WASHINGTON — Top Federal Reserve officials threw their support Tuesday behind "living wills" to be drawn up by large, complex financial companies but said the idea needs improving upon.

Speaking to the Institute of International Bankers, Fed Gov. Daniel Tarullo pointed out "notable limitations" in the idea of a basic living will. "It is very difficult to predict in advance of a crisis which parts of the firm will be under greatest stress, which geographical regions will be affected most severely," he said. "Furthermore, governments may be understandably reluctant to rely too much on a wind-down plan developed by an internationally active financial firm that so mismanaged itself that it is on the brink of failure, placing other institutions [in] peril."

Tarullo said that management may also seek to preserve shareholder value, while the government is more interested in an orderly winding down.

Speaking in London, Eric Rosengren, the president of the Federal Reserve Bank of Boston, said living wills should take into account how regulators will react in the event of a crisis.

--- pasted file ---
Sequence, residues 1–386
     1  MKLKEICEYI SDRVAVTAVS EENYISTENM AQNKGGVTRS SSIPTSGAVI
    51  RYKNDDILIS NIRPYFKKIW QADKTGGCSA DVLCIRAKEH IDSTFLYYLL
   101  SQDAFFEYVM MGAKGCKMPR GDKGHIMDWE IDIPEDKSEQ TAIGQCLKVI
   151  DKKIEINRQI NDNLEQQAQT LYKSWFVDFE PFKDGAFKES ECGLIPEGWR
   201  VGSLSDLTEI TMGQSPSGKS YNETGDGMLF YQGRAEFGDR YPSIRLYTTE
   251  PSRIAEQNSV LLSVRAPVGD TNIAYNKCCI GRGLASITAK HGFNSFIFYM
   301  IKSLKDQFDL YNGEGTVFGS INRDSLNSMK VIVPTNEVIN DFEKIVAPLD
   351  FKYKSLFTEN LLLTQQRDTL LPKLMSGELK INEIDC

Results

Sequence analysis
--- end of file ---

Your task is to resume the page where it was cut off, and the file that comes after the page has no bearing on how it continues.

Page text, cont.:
"To be truly effective, a living will for a global bank would not only require a plan developed and kept up to date by management but also an agreement among regulators in different countries that such a plan would be feasible," he said. "Living wills may serve as a mechanism to encourage greater synchronization of supervisory policies across countries."

Tarullo said the concept of a living will should be broadened to serve also as a supervisory tool.

"Under this approach, the firm would... be required to draw up a contingency plan to rescue itself short of failure, identify obstacles to an orderly resolution and quickly produce the information needed for the supervisor to orchestrate an orderly resolution."

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